That was the edict I proclaimed too loudly and too stridently during my last hospitalization.
I was in bad shape, I was struggling, and no one would be allowed to see it.
There was no way I could divide my energies between trying to recover and trying to cover up how sick I was for others.
I would isolate myself and they could see me when I was well again.
Lately, I have been looking back on that crisis…with fondness.
I loved my nurses.
I loved my nurses because they were prepared and willing to deal with me the way I was and to help me get better.
When I arrived in the ER I had a collapsed lung and was struggling to breathe.
The lung had uncharitably collapsed before I had the opportunity to shower, comb my hair, brush my teeth, shave, or even get properly dressed.
They reinflated the lung before they put me in a room, so I arrived in mine appearing to be a wheezing, bloody, vagrant.
I was in tremendous pain and I was one as well.
No comments were made about my lack of hygiene or style…the nurses simply began the process to get me well.
They did so without mocking, without laughing, without blame or criticism.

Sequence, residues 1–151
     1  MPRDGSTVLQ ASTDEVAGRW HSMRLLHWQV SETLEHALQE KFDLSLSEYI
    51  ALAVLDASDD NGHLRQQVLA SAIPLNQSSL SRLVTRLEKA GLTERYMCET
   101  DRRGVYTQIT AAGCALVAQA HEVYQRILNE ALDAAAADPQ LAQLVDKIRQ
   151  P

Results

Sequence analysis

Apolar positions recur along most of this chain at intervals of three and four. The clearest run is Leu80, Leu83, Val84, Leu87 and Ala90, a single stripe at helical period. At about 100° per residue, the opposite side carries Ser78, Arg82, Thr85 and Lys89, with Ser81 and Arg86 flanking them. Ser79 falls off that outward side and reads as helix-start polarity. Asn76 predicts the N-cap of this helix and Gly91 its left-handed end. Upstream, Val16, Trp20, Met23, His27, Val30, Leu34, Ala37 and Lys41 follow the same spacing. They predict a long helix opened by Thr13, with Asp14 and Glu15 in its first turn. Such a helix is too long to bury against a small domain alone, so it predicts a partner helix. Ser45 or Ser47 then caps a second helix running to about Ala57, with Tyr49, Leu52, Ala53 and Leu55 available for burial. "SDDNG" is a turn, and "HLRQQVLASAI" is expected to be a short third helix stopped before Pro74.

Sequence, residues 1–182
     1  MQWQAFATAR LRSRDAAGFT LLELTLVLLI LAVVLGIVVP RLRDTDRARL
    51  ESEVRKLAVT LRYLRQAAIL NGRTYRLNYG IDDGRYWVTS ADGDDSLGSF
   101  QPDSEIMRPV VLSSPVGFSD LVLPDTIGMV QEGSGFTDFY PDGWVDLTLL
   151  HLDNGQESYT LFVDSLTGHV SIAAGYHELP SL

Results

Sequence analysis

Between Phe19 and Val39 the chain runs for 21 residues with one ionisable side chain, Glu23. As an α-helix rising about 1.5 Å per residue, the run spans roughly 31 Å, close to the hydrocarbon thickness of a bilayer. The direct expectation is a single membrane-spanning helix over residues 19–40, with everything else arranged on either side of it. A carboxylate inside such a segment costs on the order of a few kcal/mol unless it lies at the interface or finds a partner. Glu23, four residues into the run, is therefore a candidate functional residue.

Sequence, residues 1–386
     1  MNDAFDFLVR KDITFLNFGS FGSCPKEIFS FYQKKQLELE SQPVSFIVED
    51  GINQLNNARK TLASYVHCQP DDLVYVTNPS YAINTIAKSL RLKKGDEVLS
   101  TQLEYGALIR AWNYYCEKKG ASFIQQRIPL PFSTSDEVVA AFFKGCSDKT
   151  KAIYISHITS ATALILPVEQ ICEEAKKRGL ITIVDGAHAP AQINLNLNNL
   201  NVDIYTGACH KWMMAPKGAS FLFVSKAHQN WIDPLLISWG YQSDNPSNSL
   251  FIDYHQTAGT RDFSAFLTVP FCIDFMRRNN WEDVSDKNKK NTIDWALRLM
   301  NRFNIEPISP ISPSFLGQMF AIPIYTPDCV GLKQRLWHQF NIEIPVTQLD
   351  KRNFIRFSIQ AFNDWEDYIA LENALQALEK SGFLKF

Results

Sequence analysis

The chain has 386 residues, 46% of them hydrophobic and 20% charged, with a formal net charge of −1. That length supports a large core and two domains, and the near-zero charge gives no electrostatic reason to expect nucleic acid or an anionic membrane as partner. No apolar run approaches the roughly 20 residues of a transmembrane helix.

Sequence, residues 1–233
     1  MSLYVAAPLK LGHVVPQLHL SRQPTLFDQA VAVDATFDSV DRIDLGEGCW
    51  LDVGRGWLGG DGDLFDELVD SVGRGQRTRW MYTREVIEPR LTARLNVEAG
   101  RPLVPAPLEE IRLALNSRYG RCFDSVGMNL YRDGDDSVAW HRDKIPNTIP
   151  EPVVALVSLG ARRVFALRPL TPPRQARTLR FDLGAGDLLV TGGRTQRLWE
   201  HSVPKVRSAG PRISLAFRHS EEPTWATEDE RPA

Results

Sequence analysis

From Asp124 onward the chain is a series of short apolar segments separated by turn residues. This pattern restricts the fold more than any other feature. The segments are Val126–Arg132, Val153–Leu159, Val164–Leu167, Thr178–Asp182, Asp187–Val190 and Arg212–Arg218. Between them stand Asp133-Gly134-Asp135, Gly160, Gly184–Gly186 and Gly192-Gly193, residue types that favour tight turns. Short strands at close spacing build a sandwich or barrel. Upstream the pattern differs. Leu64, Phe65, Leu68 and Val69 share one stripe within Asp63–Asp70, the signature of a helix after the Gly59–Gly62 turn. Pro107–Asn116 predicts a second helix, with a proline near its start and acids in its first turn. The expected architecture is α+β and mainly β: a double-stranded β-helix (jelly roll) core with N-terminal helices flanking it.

They were there for me…when they asked how bad I hurt and where the hurt was coming from, they actually wanted to know the answers.
They used those answers to help alleviate the pain.
When they unintentionally created more pain they apologized profusely.
One night, about 2 am one even came in with a little kit to help me clean up, so I could feel more comfortable in front of them.
They were on my side, they were there for me, and they created an atmosphere of recovery that got my back on my feet.
Some of the doctors were not as careful or kind…but the nurses made it able to bear.
I never had to feel ashamed of my struggles on the road back to wholeness.
We like to refer to the church as a “hospital for broken sinners”.
I’m not so sure…maybe some more of us need to go to nursing school.
Make your own application.